I honestly think this is the only candidate we should be looking at.
It should be noted- I want a Dean that will work to make UF students more competitive in landing Big Law jobs. We
need an overhaul of the Career Resource Office and need to triple our OCI employer participation.
Q6 - 4. Please provide your assessment:

Is the candidate acceptable?

# Answer Count

1 Yes 38
2 No 40
Total 78

4. Please provide your assessment:

Is the candidate acceptable?
4. Please provide your assessment:
Is the candidate acceptable?
Q7 - I
base my comments based on seeing the candidate at:

base my comments based on seeing the candidate at:
An interview in early morning
comments are based on research
staff 1/2 hour
The Dean's breakfast
informal session, law faculty
meeting with faculty, presentation to faculty
several interviews, lunch, reception
small group
discussion with faculty and lunch presentation
The student open forum
sessions; talk
Lunch Presentation and meeting
student forum
several group meetings and lunch presentations
Three presentations
Student Session
his formal presentation at the law school; his informal presentation to the law faculty; review of his cv and cover
Student availability session, spending 1L year at FIU Law while he was Dean
Open Forum
Info session
noon presentation.
His Forum/Meeting with UF Law students.
FIU, his own school, and how he handled a situation during a trial team that FIU law offered scholarship and had at
their law school.
the student Q&A
His student answer session and speaking to him while he walked around campus
Student Q&A session on Friday
the Dean Candidate interview with the students.
Reception & lunch
Speaking Q/A, Research
Student Q and A session
faculty/alumni luncheon, one-on-one meeting
faculty discussion and his presentation
two small group sessions, lunch presentation, and reception
informal meetings and watching his luncheon talk and the Q&A that followed.
student forum
Feb 20 Staff Q&A
schedule meeting
Presentation & session
Morning meeting.
Two small group presentations, lunch presentation, talking to people at his home institution
Staff Discussion/Presentation
Live streaming site of his presentation on 2/24/14 at 6:15am.
interviews and presentation
His open forum to meet students
lunchtime talk
luncheon presentation (I was out of townon law school business when teh faculty interview sessins were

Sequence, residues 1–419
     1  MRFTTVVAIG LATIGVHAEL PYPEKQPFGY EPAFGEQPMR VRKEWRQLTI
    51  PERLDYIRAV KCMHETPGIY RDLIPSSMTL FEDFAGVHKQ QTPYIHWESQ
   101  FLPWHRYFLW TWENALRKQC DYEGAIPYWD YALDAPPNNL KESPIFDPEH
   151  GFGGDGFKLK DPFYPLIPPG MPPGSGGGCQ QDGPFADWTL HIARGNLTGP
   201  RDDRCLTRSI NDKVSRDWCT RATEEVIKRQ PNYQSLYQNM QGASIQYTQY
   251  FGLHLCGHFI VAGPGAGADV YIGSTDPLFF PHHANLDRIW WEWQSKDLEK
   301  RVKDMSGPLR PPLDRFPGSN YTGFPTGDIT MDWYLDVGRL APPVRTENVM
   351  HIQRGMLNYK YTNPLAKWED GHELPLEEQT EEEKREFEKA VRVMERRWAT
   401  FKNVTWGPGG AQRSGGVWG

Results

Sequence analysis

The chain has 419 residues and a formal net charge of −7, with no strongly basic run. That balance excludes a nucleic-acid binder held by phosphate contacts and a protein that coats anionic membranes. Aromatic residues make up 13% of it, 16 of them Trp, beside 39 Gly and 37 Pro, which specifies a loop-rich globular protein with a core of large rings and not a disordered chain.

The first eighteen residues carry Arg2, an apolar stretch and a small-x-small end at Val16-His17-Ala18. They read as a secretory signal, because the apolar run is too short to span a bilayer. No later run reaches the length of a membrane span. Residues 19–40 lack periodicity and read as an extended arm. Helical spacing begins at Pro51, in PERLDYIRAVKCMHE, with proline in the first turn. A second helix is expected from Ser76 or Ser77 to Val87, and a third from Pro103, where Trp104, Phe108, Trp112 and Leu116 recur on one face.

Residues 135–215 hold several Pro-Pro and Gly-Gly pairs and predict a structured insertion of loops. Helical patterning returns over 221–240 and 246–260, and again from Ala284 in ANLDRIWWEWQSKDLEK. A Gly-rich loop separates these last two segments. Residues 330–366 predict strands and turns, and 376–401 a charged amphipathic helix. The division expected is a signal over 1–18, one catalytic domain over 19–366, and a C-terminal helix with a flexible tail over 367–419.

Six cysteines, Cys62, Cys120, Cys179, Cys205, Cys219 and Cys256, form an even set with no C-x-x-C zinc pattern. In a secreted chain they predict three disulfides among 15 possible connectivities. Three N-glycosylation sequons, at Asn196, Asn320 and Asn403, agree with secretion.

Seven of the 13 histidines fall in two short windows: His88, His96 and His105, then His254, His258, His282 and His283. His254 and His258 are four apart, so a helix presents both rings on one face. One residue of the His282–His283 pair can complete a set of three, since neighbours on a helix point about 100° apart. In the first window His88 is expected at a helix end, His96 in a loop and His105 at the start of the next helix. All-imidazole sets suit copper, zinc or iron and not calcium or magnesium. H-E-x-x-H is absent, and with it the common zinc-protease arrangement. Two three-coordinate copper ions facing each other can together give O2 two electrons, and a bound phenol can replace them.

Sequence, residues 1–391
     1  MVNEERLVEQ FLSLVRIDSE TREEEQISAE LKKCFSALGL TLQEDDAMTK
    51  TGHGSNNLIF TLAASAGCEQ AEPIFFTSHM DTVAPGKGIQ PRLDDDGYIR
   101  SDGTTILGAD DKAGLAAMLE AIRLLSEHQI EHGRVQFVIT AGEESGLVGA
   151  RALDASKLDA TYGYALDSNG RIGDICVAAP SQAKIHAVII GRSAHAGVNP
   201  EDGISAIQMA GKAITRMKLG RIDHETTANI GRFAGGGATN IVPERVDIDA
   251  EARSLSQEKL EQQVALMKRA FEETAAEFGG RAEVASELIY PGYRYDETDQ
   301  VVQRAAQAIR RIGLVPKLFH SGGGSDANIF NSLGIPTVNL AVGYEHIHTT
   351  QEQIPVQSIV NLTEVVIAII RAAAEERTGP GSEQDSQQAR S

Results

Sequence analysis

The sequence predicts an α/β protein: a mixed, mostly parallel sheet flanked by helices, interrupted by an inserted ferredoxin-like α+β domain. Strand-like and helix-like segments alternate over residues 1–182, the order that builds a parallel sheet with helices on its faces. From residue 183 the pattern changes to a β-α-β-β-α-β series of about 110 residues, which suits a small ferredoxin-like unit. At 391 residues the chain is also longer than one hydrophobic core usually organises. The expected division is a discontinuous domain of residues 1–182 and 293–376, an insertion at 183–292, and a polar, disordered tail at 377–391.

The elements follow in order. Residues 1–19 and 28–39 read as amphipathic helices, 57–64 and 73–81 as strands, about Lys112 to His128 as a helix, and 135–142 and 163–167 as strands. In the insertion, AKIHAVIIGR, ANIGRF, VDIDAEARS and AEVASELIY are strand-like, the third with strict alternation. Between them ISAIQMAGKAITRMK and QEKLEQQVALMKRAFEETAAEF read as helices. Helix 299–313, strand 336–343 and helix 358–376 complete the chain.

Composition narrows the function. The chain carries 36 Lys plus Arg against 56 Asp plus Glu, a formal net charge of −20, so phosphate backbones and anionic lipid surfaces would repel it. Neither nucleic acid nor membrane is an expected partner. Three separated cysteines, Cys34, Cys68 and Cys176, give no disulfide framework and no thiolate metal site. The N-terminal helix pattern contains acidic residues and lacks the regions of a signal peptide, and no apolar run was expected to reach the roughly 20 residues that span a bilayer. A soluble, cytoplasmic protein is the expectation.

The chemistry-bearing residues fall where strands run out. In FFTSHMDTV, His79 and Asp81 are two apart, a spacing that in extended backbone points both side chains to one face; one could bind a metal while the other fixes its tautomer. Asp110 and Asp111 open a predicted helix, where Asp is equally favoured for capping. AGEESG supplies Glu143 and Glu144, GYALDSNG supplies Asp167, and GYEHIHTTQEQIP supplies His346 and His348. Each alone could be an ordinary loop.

Faculty open session
Breakfast meeting
Open Forum
Q and A session
Open forums and sessions.
meeting and lunch
Faculty presentation and smaller group meeting
director's session
Multiple interviews with various audiences at the Levin College of Law
Lounge, Lunch
Small faculty meeting, reception meeting, luncheon presentationa and QA, judicial opinions, published reports of
his performance
Faculty lunch
The student forum on 2/20, and personal experiences with Mr. Acosta.
Open Forum
The student forum
Student forum
presentation to the faculty
Q&A Session
Lunch in NYC's Ed's Chowder House almost a year ago today
Q10 - Your Name

Your Name
Linda Cottler, filling in for Dean Perri
Allen F. Wysocki

Danaya Wright
Prof. Michelle Jacobs
If this were not a public record, I would sign my name.
Victoria A. Redd
John kraft
Stuart Cohn
Pedro A. Malavet, Professor
Q12 - Please indicate whether you

# Answer Count

1 Faculty 34
2 Staff 8
3 Administration 7
4 Student 30
5 Alumni 0
6 Other: 0
Total 79


Field Minimum Maximum Mean Std Deviation Variance Count

Please indicate whether you
1.00 4.00 2.42 1.37 1.86 79
are: - Selected Choice
University of Florida
Dean of the Levin College of Law

The University of Florida Levin College of Law invites applications, nominations and inquiries for the
position of Dean.

The University of Florida (UF) seeks a creative and energetic leader to serve as Dean of the Levin College
of Law. The University of Florida Levin College of Law (UF Law) has a longstanding tradition of producing
national leaders. It placed first in Florida, fourth among public schools, and eighth overall in output,